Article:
Musicmaking, But at a Distance

My current makeshift practice room set-up is quite representative of the quarantine situation I’ve been subjected to: my violin case is propped up on a chair with the support of a few suitcases, my foldable wire music stand resting in the corner of the room. Music can seem especially difficult in a time like this, with performance opportunities dwindling and social distancing preventing in-person music lessons or collaboration. Strangely, in the midst of lost opportunities, quarantine improved my relationship with music.

When learning at Groton transformed into a totally different online experience, my music lessons stayed the same. I’ve been doing FaceTime lessons with my violin teacher for years, and the steadiness of my music routine was very comforting, especially when it seemed like every other aspect of my life was changing. I first started with my teacher when I lived in Chicago, and there would be weekly studio classes. They were mini-recitals where all of my teacher’s students would come together to perform a piece they were working on. Unfortunately, after my move to Shanghai, I wasn’t able to attend studio class anymore. Once coronavirus hit, all her students transferred to virtual music lessons, and I got an invitation to studio class for the first time in years. Though this zoom version of studio class lacked the cutting nerve of a live audience, the weekly performances were incredibly nostalgic, bringing me back to some of my earlier violin memories.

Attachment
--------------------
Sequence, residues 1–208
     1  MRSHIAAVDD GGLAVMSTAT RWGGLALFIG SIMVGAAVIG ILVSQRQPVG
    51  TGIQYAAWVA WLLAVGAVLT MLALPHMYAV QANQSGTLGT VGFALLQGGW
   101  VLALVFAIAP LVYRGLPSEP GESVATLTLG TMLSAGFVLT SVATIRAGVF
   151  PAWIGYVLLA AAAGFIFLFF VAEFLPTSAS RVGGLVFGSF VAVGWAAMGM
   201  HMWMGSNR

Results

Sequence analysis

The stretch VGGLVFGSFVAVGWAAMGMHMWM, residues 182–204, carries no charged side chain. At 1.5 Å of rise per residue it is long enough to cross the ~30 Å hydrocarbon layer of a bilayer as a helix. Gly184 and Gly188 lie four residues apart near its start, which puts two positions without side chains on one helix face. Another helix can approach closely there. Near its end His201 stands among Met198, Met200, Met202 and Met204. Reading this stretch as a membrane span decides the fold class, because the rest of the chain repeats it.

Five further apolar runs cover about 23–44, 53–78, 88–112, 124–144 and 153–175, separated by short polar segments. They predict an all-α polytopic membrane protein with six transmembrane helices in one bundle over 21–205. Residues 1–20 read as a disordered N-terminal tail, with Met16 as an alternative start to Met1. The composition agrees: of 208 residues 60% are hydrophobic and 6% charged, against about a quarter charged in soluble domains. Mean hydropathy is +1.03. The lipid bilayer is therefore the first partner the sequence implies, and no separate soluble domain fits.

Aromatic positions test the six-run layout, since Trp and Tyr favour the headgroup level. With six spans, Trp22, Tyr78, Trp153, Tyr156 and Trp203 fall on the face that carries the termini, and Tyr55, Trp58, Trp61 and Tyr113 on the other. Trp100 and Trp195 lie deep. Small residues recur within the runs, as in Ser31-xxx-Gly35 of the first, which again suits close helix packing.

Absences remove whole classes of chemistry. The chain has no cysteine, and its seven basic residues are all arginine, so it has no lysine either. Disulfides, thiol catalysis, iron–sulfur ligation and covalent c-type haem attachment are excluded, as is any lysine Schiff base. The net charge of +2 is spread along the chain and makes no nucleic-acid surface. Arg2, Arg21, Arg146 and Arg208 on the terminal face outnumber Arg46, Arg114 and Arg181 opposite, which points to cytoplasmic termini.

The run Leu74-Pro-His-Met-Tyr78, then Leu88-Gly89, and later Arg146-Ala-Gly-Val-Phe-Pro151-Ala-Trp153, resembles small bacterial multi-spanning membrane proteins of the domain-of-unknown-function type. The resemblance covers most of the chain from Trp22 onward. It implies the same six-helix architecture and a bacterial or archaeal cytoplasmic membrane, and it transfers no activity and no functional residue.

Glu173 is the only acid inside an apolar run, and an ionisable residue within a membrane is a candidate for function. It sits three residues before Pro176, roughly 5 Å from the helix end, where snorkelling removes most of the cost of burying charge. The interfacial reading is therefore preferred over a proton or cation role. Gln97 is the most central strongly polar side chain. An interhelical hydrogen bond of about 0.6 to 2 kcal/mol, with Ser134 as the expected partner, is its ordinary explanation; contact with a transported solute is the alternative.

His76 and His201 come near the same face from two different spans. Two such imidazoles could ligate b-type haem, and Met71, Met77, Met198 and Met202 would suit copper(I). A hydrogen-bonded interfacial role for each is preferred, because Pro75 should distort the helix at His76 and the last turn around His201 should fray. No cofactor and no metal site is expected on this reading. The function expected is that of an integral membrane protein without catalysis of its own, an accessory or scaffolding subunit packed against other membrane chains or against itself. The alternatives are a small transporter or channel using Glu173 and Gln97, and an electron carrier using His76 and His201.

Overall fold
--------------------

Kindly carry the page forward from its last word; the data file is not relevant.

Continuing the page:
My spare time also allowed me to take a deep delve into an application at the bottom of my computer screen: GarageBand. I had occasionally played around with the program on my off days, but the past few months have allowed me to really have fun with some arrangements. With the help of my headphone mic, I tried my hand at arranging some a cappella songs and recording some Pentatonix covers. Though my mixing and audio quality were far from amazing, I ended the summer with a folder on my laptop dedicated to all my creations.

It didn’t really matter that I was playing off an unbalanced music stand or singing into a flimsy mic—this summer has been one of the most fulfilling periods of time for my music. I definitely miss collaborating with other musicians, but there is a certain charm to music-making in the comfort and solitude of my bedroom.